The Thing About Trolls

Not the cute “Hair Up” “Dance Dance Dance” variety. The Internet variety.

I have learned a lot about trolls over the past several years. Ever since I have been encouraging conversations about the local economy and small businesses in an online forum, I have been dealing with the most interesting people.

When one troll didn’t like the fact that there were rules in our forum, and he didn’t agree with them, he created his own forum, named it the same thing, just changed one word. And told everyone that his was a FREE forum, where everyone could post whatever they wanted.

At the time, this stole my joy. I was hurt, frustrated, angry. I wanted to know how to “fix” it and figure out what I had done to deserve such “cruelty.” To make matters worse, one of the members of this new group took a screen shot of a photo I had shared of myself and Craig at a Spring Training game, on the berm, with a subtitle — “This must be where the money is going!” Yep, the $12 ticket to the “cheap seats!” 🙂

I can remember how frustrated I was, but the key is, today, I can look back on them and recognize that they have made me better. I didn’t let the trolls stop me. But they did effect me. And, over time, I have learned how to deal with them. I found a way to accomplish what I feel I was put on this earth to accomplish — in spite of the haters.

The cool part is, at this point, all these years later, there seem to be fewer trolls lying in wait, ready to pounce. Maybe mom was right, if you ignore them, they will eventually find someone else to pick on. Sadly, there are people who find satisfaction in the anonymity that being a troll provides them. But you cannot let them win. Someday, I hope we as a society work to solve this problem, but in the meantime,

You cannot let them steal your joy, or keep you from your purpose.

So, whenever I deal with a troll today, I consider several things before I respond (if I respond at all).

First, what do I know about them? For me, personifying the troll, helps me try to see things from their perspective. If I can’t figure out what their angle is, I create a story for them in my head — Most of the time, it goes like this: “Wow, this person must be hurting. I wonder if she had a crummy childhood, or maybe he found out his mother is sick, or her husband is cheating on her.

This helps me put the situation into a little bit of perspective — even if it’s not really true, I need to realize that there is probably something underlying, and it’s not me. 

There have been cases when it has been me. Not necessarily something I am proud of, but when you’re dealing with real people — people you know and think you can trust in the community, the emotions become a little more personal.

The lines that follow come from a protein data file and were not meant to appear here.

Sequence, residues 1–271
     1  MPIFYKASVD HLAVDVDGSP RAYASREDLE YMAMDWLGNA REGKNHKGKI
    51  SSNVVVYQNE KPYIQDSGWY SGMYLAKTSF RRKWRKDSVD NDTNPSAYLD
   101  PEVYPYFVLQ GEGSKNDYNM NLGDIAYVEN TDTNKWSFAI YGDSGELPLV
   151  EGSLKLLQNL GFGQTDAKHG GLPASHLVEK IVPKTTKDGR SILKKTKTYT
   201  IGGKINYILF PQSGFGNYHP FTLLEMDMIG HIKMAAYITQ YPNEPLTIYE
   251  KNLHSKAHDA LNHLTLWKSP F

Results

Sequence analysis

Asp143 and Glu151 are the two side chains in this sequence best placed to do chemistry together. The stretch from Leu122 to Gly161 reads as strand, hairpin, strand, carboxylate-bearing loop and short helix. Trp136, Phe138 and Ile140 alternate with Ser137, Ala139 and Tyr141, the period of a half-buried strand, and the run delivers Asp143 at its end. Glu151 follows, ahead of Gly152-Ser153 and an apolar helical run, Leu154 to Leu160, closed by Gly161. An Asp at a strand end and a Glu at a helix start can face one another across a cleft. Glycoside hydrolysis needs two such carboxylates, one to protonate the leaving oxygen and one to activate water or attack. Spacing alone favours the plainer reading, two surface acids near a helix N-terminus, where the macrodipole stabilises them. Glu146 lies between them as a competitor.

There is one time, early on in the development of the community, that I allowed my emotions to get the better of me and I engaged. I reacted to the situation, and then, I immediately regretted it. I then publicly apologized — I did not delete anything, and I swore that I would never do that again.

So, what I do now, is consider the words I want to say — I might type them as if I am going to comment, or send them to myself in a text (I do this a lot!) But I do not engage publicly in a negative, argumentative way. I read their comment, and generally find a way to tell them that I hear them, but that it’s not something I agree with, and we can agree to disagree.

If it seems there’s no way to resolve the situation, I will let it go, without comment. Sometimes, this is not possible, because the troll is waiting for you. And, they might escalate it to call you out and ask why you haven’t responded. In these cases, I normally, send them a private message, and comment (for the sake of the peanut-troll gallery) that I have done so.

You might be asking why I care, why I engage, why these people matter.

The answer is, they might not matter to the end result, but the path toward connection and transparency requires that we acknowledge that there are those who will disagree with us. They have the right to their own opinion. And, by refusing to lose our cool, or worse, shut it down, delete the account, and let them feel the satisfaction of “winning,” we are sending the message, that what we are doing, what we’re working to do is bigger than them, and, over time, this message will be what people remember. And the trolls will eventually grow tired. As long as we don’t give them what they want — which is usually the satisfaction that they brought you down to their level.

Taking the high road, and yet, allowing yourself to stay connected and accessible, is the hardest choice — but in the end, I believe it is the best choice we can make — if we’re doing work that matters.


Also published on Medium.

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